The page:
Powell River residents came through in a big way for cancer research.
Sunday morning’s Terry Fox Run that started at the Powell River Recreation Complex raised $15,700 for the Terry Fox Foundation.
All told, 162 people ran, walked and rolled for the cause.
The foundation’s BC and Yukon provincial director Donna White said for a number of years, a husband and wife team organized the run to honour their daughter who they lost to cancer.
“Then they took a step back the last two years, just giving somebody else a chance to take it on but they’ve still been involved and they lost a son to cancer last year as well, too,” she said. “I think being a small community where everybody knows everybody, I think has really helped boost the numbers, there, too.”
White noted that 79 cents out of every dollar raised goes to cancer research.
“We’re a very small organization, we’re a very grassroots organization,” she said.
“This office, for example, is currently a full-time staff of two and we’re looking after everything for British Columbia and the Yukon. We had 110 events yesterday and we’ve got seven more events before the end of the month… and 1,500 schools just in our region alone, here, that runs Terry Fox Runs here in the beginning of September and into October, as well.”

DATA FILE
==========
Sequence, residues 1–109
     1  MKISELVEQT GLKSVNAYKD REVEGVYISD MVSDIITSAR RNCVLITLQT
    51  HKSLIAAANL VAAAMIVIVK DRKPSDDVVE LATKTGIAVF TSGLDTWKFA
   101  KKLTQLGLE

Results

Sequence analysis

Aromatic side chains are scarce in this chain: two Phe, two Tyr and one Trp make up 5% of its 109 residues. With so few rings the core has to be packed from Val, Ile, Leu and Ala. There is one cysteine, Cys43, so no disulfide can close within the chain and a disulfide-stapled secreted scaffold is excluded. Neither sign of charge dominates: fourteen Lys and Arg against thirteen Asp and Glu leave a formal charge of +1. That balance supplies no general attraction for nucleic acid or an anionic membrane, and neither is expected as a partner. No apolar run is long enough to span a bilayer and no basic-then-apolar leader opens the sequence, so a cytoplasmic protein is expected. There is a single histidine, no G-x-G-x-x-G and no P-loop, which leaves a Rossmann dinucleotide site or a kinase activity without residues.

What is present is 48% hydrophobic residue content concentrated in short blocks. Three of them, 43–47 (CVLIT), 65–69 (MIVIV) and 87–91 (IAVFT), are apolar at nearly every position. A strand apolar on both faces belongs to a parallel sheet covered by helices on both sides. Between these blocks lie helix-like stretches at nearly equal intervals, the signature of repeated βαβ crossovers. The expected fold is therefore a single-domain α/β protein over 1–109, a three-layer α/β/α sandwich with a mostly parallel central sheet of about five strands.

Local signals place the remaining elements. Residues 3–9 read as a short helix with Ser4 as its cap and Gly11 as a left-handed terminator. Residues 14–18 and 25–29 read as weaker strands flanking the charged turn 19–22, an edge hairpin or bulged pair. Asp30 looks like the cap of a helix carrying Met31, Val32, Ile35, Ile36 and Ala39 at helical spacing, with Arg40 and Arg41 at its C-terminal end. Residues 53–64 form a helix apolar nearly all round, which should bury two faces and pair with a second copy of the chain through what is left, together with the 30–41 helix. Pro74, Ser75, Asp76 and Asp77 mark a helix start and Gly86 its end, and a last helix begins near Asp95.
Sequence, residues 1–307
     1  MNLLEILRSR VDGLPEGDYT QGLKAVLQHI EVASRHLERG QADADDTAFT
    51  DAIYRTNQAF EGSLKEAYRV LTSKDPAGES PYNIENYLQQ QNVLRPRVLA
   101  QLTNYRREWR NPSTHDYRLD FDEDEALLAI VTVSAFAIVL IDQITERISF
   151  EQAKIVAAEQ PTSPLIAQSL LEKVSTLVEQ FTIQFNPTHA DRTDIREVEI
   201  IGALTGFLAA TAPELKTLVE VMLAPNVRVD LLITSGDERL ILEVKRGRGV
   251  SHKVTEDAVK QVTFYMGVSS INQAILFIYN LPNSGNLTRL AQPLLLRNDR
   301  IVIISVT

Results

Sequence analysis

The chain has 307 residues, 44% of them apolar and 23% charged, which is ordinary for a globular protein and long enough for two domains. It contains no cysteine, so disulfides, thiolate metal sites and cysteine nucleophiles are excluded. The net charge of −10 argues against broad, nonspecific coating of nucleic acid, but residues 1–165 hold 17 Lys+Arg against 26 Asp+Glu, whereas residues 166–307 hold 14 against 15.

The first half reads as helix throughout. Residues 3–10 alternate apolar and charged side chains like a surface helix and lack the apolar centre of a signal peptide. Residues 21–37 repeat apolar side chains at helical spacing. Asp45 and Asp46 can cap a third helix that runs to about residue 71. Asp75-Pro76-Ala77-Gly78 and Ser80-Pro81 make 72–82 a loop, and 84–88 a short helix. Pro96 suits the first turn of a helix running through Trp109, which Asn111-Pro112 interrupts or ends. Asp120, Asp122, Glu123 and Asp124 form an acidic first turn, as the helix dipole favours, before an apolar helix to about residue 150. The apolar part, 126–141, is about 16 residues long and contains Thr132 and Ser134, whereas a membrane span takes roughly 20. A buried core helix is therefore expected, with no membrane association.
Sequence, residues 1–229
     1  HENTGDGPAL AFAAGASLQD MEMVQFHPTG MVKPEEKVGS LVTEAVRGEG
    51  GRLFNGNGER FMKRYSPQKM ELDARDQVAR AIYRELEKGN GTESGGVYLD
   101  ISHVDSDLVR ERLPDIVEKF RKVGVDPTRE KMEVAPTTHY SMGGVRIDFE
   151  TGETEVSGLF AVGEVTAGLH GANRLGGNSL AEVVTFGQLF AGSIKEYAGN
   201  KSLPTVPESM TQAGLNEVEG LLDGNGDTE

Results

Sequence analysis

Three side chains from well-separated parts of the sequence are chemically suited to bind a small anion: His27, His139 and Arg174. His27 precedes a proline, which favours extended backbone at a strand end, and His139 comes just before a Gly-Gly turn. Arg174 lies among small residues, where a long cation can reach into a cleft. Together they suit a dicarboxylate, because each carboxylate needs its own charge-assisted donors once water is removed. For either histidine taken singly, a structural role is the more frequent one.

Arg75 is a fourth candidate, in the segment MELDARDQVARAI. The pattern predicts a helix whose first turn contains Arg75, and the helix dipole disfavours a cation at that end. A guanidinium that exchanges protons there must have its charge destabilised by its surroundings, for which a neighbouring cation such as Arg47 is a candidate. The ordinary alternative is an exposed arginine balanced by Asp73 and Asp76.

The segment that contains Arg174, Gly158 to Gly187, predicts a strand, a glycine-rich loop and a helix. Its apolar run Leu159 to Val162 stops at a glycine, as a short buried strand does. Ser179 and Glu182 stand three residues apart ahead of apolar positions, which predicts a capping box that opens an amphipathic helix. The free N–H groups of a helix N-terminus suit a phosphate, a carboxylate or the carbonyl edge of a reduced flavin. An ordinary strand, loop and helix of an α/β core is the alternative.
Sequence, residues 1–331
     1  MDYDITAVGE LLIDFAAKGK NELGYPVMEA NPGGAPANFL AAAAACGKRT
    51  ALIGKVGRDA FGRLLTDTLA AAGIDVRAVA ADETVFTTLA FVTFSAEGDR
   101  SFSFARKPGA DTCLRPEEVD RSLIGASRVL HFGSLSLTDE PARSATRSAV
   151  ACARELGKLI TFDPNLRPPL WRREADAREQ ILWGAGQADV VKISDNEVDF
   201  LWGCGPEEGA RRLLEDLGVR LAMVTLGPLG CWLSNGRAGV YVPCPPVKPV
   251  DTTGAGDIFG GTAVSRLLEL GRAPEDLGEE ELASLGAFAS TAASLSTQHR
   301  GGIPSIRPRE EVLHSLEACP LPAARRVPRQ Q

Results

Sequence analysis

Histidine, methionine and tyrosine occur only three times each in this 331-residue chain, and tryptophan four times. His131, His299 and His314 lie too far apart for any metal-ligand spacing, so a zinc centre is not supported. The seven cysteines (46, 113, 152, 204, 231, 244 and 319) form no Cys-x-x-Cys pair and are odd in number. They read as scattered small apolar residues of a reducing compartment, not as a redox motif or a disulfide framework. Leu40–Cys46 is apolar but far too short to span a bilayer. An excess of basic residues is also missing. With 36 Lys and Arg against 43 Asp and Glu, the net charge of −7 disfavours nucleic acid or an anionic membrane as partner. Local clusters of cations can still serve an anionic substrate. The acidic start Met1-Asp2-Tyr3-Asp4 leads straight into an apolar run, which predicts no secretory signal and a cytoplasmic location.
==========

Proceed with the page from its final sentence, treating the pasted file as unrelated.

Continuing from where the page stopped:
Over the past 39 years, nearly $800 million has been raised worldwide.
The very first Terry Fox Run in 1980 saw about 300,000 people take part across Canada and raised roughly $3 million.
Today, millions of people in 35-plus countries around the world take part in Terry Fox Runs.
White said it doesn’t matter who you are or where you live, the cause is the same.
“The sad realization is that this disease can affect any of us at any time and the community has really come forward and has really embraced Terry’s dream and we’re thrilled that they continue to do the great work that they do there.”
She added that the Run is “a Canadian legacy that Terry left for us, it’s been a Canadian tradition for the past 39 years and what a lot of people don’t realize is that the second Sunday after Labour Day is known, officially as Terry Fox Day in this province. That was legislated by the government three years ago.”